Saul og David

Carl Nielsen’s operas don’t get performed much outside his native Denmark so it’s no surprise that the only video recording of his 1902 opera Saul og David was recorded in Copenhagen.  The libretto is a fairly straightforward telling of the familiar story of Saul, David, Goliath, Samuel and so on.  The music is very much of its time.  It’s bold and lyrical; perhaps reminiscent of Strauss in a conventional mood or, perhaps, Elgar.  There are some really good choruses and David and Michal get a gorgeous duet in Act 3.


David Pountney directed.  He gives the piece a contemporary middle eastern, though not specifically Israeli, setting.  His chief idea is of the danger of a charismatic religious figure, Samuel, usurping secular authority.  It’s not a bad idea but the actual execution seems to telescope back into the straightforward narrative which, however, is perfectly competently directed.  I did like the idea of having the chorus of Israelites mainly observing the action (they are split among a number of rooms with TV sets while the main action takes place centre stage) for the first three acts and only really becoming “agents” as the power structures of the state collapse.  The modern setting creates a few anomalies.  David’s scoped sniper rifle in Act 3 rather made me wonder why he used a sling in the duel with Goliath!  Still, it works pretty well without exactly blowing one away.  There a re a few goofy bits too.  The Act 1/2 entracte is given a choreographed meeting of what appears to be the UN Security Council reimagined by the Pythons while videos of refugee camps play on a giant screen.  Very odd.


At the heart of the performance is Johan Reuter as Saul.  He is just fantastic.  He sings with power and passion and is a terrific actor.  This may be one of his best roles.  The supporting cast is decent but not on the same level.Niels Jørgen Riis is a lyrical Davis though why he sports a perpetual goofy grin puzzled me a bit.  Ann Petersen’s Michal was a little strident at times but well characterized.  Michael Kristensen’s Jonathan puzzled me a bit.  Either he was somewhat overparted or there’s something odd about the theatre acoustic or the sound quality on the recording but he kept, vocally, disappearing into the background.  There’s a neat cameo from Suzanne Resmark as a rather nightmarish Witch of Endor.  It’s hard to imagine this music getting better treatment from chorus, orchestra and conductor than it gets here.  Michael Schønwandt is the preeminent Nielsen specialist and with his own Royal Danish Orchestra one can see why he is held in such high regard.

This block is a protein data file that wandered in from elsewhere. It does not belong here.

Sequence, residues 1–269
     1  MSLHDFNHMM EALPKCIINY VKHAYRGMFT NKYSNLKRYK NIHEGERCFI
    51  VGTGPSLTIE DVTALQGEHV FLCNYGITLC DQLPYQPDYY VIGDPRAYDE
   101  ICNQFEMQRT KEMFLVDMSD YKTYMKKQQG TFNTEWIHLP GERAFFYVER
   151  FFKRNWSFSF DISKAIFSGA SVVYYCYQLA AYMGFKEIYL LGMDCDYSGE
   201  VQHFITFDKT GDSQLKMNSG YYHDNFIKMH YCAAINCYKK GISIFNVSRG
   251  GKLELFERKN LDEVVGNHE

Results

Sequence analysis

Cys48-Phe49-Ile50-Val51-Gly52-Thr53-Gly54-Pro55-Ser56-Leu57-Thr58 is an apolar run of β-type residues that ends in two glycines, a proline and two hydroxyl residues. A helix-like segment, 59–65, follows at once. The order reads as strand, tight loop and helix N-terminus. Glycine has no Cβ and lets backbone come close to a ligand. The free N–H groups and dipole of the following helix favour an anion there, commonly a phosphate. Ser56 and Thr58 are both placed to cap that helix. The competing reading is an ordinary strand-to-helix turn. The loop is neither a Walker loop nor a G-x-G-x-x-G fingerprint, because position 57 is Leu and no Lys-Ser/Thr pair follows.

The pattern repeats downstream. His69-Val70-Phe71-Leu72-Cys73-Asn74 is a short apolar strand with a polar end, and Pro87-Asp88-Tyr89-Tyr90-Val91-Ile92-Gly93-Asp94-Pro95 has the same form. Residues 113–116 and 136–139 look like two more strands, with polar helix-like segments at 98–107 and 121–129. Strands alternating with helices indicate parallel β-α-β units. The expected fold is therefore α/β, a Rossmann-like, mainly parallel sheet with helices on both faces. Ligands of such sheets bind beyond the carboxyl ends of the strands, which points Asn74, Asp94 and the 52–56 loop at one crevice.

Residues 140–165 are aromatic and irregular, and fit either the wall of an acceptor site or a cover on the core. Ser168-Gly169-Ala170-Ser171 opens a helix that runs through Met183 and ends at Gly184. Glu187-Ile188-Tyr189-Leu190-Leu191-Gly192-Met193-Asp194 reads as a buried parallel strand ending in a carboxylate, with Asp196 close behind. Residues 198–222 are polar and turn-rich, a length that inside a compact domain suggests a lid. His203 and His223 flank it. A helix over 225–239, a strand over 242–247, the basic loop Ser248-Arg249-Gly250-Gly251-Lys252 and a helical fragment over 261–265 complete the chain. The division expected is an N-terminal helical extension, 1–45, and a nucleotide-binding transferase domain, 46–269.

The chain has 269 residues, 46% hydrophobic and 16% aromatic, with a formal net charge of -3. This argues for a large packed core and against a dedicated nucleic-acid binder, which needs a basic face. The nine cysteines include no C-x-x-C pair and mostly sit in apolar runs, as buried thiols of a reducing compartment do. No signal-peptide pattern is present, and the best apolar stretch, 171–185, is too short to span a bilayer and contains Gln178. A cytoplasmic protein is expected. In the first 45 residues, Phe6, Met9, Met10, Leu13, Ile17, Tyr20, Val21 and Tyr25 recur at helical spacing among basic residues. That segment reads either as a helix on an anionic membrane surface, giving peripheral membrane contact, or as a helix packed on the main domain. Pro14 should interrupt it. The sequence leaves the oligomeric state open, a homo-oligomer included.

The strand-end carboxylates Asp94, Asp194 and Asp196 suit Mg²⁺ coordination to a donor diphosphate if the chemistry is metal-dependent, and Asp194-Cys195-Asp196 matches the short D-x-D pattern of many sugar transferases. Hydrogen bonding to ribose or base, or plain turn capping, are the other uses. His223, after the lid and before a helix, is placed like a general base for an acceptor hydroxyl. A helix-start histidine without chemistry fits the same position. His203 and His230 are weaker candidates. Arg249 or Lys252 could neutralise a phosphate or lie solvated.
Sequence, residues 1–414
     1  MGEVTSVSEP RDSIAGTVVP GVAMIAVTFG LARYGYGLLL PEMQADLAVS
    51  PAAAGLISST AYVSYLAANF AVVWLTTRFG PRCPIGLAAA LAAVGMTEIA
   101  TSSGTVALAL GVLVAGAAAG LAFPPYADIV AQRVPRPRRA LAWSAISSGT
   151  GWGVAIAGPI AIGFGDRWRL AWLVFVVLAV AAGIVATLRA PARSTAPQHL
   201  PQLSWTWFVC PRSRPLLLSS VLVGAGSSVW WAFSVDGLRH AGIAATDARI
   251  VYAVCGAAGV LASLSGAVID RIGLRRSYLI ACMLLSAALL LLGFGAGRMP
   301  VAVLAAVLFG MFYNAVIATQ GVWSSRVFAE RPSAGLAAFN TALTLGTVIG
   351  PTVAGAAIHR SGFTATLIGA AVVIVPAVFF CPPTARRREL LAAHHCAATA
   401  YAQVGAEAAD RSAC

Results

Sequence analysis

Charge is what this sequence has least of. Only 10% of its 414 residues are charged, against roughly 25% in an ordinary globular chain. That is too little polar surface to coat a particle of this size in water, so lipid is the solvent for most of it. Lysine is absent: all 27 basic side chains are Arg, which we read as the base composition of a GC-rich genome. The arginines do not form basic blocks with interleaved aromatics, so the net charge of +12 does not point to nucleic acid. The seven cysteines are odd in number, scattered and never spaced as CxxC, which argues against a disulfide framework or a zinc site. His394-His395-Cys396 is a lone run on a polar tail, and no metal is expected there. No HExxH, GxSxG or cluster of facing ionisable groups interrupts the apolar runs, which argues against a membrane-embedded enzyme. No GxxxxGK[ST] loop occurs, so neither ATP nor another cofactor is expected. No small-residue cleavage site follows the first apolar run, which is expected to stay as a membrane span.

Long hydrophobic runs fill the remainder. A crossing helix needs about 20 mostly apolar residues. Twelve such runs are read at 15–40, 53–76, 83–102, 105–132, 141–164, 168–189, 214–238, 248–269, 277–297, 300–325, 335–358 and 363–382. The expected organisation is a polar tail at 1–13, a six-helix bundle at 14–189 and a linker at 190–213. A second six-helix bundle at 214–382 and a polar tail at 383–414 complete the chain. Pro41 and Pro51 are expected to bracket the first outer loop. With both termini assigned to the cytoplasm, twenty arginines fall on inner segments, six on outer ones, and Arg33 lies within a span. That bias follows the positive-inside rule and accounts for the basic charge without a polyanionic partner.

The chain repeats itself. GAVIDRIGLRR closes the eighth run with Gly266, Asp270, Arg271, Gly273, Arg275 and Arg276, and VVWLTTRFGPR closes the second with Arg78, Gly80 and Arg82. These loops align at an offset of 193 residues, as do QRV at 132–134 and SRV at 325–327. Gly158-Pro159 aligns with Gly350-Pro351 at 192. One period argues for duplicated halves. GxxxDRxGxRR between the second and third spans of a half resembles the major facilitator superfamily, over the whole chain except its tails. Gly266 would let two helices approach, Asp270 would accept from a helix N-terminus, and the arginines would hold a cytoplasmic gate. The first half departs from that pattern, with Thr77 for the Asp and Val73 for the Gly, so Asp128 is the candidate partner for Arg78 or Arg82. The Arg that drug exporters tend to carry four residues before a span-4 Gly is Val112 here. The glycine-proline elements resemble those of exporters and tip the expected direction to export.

Video direction is by Peter Borgwardt.  It’s a bit frenetic.  He uses a lot of cuts, some odd angles and some extreme close ups.  It’s watchable but he needs to take some tranquillizers next time.  Picture quality is just about good enough.  It has the usual DVD problems in dark scenes; Samuel is barely visible in the Witch of Endor scene.  The sound is more problematic.  It’s just not consistent and it seems at times that the voices are balanced way too far back.  It’s not just a problem with the DTS surround sound either I checked the Dolby 5.1 and the stereo tracks and they have the same issue.  This may be an artefact of the theatre as I have heard of similar issues with other Copenhagen recordings. It doesn’t wreck the disk but it’s annoying.  There are no extras on the disk but the booklet contains a synopsis and some decent historical and explanatory material.  Subtitle options are English and Danish.


So, some good performances in a serviceable production of an interesting opera.  It’s a pity the technical aspects of the recording weren’t handled better and Blu-ray would have been nice but this is the only recording of Saul og David and quite likely to remain that way.


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